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Unknown Soldier, Tomb of the

The Tomb of the Unknowns,. a memorial to the American dead of World Wars I and II, the Korean War, and the Vietnam War, is in Arlington National Cemetery, just outside Washington, D.C.

On Nov. 11, 1921, an unidentified soldier who had been killed in France was buried there in a temporary crypt over which a marble slab was placed; the completed tomb, a sarcophagus of Colorado marble placed on the original base, was dedicated as the Tomb of the Unknown Soldier on Nov. 11, 1932.

 On Memorial Day, 1958, the bodies of two other unknown soldiers—one of whom had died in World War II, the other during the Korean War—were buried in the tomb, which was renamed the Tomb of the Unknowns. Remains of an unknown soldier from the Vietnam War were interred here in 1984, but later investigations revealed the soldier's identity, and they were removed. Deciding that scientific advances, including DNA tests (see DNA fingerprinting), had made Vietnam War or future unknowns unlikely, the Pentagon announced (1999) that no new remains would be placed in the memorial.

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"Here Rests
In Honored Glory
An American Soldier
Known But To God"

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The Sentinels Creed

My dedication to this sacred duty is total and wholehearted.
In the responsibility bestowed on me never will I falter.
And with dignity and perseverance my standard will remain perfection.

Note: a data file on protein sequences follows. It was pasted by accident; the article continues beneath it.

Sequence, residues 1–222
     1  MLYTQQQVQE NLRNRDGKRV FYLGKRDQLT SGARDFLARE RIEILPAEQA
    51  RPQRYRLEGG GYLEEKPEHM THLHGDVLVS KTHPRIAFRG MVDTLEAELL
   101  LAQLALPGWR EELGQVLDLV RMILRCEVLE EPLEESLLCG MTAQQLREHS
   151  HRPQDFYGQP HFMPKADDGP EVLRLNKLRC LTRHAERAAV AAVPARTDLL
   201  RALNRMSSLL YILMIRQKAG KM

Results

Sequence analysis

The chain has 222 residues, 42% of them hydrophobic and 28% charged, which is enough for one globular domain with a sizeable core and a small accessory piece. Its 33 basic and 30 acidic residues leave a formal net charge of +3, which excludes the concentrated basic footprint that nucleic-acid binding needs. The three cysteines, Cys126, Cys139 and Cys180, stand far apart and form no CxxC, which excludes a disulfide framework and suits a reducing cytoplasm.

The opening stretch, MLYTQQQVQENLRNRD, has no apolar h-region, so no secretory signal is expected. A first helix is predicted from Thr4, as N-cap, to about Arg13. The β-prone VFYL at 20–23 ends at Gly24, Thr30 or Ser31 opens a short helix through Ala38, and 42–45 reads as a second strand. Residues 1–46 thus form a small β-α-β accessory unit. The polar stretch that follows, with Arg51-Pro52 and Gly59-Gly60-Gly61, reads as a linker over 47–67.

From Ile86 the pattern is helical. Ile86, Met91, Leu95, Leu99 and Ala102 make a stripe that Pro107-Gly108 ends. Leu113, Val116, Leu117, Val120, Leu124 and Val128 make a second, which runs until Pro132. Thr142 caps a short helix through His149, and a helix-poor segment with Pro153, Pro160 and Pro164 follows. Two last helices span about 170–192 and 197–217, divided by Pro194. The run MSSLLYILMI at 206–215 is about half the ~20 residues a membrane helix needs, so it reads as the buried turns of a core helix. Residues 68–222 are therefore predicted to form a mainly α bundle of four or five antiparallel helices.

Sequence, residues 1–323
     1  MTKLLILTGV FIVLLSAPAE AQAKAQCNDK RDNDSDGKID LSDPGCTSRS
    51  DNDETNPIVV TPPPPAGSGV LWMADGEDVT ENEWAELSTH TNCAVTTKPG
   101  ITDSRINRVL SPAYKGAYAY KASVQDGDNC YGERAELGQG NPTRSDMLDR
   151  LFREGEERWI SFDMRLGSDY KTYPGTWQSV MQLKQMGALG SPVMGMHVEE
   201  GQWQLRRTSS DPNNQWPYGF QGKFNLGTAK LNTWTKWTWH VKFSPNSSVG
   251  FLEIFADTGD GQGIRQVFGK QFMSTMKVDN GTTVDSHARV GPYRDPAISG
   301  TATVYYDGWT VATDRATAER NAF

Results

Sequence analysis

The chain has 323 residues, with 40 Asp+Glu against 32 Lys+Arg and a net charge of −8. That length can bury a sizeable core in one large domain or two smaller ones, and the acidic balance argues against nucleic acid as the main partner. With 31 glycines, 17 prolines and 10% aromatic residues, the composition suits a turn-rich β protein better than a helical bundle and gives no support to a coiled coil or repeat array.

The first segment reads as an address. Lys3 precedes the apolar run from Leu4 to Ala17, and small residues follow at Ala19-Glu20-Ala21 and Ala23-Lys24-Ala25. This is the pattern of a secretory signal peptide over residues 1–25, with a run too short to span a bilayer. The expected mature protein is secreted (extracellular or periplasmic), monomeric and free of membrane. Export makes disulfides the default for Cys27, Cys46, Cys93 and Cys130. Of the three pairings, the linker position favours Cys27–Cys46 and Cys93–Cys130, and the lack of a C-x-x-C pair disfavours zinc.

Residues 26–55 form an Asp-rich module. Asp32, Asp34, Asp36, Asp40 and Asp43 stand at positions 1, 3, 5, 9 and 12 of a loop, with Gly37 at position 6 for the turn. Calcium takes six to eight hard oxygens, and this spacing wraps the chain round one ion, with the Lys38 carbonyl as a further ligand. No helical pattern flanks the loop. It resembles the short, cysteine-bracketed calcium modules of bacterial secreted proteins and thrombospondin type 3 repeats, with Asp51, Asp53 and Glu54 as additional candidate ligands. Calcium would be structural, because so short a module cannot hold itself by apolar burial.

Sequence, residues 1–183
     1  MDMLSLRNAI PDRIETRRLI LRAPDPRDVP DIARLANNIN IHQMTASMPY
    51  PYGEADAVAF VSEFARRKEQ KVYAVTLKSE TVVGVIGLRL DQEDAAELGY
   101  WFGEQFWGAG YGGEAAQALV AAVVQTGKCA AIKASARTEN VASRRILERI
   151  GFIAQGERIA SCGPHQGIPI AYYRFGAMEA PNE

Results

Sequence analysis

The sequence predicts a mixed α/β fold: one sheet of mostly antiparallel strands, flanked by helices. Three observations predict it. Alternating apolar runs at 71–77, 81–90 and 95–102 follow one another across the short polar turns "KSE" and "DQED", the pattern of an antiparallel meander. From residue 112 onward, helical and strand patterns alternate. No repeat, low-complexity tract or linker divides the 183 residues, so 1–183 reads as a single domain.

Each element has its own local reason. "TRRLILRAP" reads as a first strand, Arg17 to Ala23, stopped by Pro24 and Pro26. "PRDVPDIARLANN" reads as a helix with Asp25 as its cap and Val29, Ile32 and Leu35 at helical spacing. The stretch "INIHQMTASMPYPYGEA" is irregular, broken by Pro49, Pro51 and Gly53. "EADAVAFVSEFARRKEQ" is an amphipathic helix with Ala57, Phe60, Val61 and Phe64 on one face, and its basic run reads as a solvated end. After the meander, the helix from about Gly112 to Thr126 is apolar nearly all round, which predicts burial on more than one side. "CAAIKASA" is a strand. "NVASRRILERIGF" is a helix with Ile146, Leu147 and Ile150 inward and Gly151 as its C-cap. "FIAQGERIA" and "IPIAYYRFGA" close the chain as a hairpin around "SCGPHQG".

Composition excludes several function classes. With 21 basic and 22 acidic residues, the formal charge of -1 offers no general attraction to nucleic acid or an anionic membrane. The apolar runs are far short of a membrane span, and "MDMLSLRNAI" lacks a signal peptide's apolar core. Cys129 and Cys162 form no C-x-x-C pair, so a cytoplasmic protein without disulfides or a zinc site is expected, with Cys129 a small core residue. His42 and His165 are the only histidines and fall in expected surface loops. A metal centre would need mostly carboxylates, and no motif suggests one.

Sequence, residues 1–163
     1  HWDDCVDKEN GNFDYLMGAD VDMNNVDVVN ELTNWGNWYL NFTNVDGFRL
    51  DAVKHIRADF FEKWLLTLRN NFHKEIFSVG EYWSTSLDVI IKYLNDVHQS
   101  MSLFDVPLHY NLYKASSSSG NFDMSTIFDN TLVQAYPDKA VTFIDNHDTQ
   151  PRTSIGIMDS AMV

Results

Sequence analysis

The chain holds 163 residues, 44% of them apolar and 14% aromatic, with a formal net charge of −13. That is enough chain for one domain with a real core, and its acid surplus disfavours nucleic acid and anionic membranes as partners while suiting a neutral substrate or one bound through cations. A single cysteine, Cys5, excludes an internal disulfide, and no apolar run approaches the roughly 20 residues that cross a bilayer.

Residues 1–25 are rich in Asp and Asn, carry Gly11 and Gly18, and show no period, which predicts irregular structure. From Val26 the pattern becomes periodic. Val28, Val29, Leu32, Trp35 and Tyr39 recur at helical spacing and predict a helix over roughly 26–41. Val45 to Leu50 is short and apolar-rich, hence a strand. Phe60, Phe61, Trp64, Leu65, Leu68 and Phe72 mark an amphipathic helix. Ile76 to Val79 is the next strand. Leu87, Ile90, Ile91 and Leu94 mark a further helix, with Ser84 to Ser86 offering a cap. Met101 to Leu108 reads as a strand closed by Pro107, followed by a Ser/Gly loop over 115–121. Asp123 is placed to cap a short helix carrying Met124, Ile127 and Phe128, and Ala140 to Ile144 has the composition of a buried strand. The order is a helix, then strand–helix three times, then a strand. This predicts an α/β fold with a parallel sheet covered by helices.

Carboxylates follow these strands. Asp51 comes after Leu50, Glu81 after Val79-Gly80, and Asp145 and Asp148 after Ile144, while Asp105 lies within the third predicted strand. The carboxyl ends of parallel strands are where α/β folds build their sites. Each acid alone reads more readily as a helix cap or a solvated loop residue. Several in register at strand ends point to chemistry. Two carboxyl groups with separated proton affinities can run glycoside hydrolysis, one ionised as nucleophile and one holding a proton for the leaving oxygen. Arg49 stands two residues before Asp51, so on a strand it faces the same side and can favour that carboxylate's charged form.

Through the years of diligence and praise and the discomfort of the elements,
I will walk my tour in humble reverence to the best of my ability.
It is he who commands the respect I protect.
His bravery that made us so proud.
Surrounded by well meaning crowds by day alone in the thoughtful peace of night, this soldier will in honored glory rest under my eternal vigilance.

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The Tomb of the Unknowns symbolizes those of America who gave their lives in World War I, World War II, and the Korean War in defense of the Nation’s integrity, honor, and tranquility. Numerous ceremonies are performed annually at the Tomb to honor these soldiers and to show the nation’s respect for members of the United States Armed Forces.

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The most notable of such ceremonies are wreath-laying ceremonies that take place on National holidays, such as Veteran’s Day or Memorial Day, where the President or his designee lays a wreath to mark the national observance of that day. Also, held in high esteem are wreath laying ceremonies that occur during state visits. At these ceremonies, the visiting head of state will pay formal respects to the sacrifice of America’s veterans in foreign wars by placing a wreath before the Tomb.

 

 

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All ceremonies performed at the Tomb of the Unknown Soldier, with the exception of Tomb Guard duty performed by the Army Honor Guard, are Joint Service functions led by the Military District of Washington. Therefore, the members of the Coast Guard Ceremonial Honor Guard serve as active participants in all Joint Service ceremonies performed at the Tomb, including the highly respected wreath laying ceremonies. During these ceremonies, each service of the Armed Forces (Army, Marine Corps, Navy, Air Force, and Coast Guard) provide Ceremonial Honor Guard personnel to represent their respective service to the public and to the leaders of foreign countries. The Coast Guard Ceremonial Honor Guard strives to prepare its members for these ceremonies through hours of practice in weapons drill, uniform maintenance, and military bearing.

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